The group I was traveling with went to George’s restaurant for dinner one night. It was difficult to find the place in the dark. There was no signage and the streetlights, such as they were, were very dim. The wall makes things darker in both daytime and nighttime, it turns out. But we eventually found the place. We entered the building and were greeted by a warm smile from George and his mother. The place looked old and a little run down. There were lights burned out in creaking chandeliers. The tables looked dusty. It was cold. The sadness of the place seemed to almost seep out of the walls. There were no other customers. But every table was meticulously set. For one night, at least, there would be laughter and smiles and friendship and a lavish feast.
Over the next several hours, we dined like royalty. There was hummus and bread and baba ghanoush and innumerable salads, and lamb and chicken kebabs, and baklava and strong Arabic coffee and all kinds of other dishes that I frankly couldn’t identify but which were delicious nonetheless. George buzzed around the place like a bee. While his mother was busy in the back, George ferried the food out continuously. He spoke little English, but his smile lit up the room.
In the midst of hardship and struggle and grinding indignity, George served us a feast. In the context of scarcity, we were sat down at a table of abundance. Even though it makes little sense for George to keep his restaurant open for the few customers that trickle in, even though. He keeps setting the table, day after day. Perhaps someone will come. Perhaps they will be hungry. Perhaps there will be opportunities for laughter and celebration, even in cul-de-sacs of darkness, even in shadows of wretchedly ugly walls.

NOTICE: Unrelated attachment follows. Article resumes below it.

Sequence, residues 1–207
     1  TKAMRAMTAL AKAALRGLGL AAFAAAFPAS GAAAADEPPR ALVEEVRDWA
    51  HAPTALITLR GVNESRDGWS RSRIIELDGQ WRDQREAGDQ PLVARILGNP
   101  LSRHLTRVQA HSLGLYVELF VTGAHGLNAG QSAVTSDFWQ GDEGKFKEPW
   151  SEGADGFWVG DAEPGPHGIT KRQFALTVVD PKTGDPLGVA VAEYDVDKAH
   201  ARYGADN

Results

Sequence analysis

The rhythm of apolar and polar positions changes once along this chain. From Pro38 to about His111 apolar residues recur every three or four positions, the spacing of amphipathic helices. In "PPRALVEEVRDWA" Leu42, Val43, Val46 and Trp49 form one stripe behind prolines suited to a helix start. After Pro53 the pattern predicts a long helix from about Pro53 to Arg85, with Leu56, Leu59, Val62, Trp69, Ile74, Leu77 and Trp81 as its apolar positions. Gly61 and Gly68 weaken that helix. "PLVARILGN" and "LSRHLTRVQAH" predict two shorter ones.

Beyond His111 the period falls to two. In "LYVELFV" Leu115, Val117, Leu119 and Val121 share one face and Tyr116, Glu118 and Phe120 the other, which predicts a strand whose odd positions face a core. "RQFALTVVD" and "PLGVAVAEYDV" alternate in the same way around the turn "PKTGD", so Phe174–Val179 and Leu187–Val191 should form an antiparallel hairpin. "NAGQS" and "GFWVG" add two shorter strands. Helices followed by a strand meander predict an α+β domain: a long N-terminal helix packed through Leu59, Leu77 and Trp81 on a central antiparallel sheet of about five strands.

Over the last few weeks, I’ve thought a lot about George and his mother and their restaurant. There are so many layers of symbolism in George’s existence and his determination not to be pushed aside by ugly walls and small men with large guns. But as the season of Lent draws to a close and as Resurrection Sunday approaches, I am thinking eschatologically. In this in between time, between promise and fulfillment, between inauguration and consummation, I am reminded that as followers of Jesus, we are people of both fasting and feasting.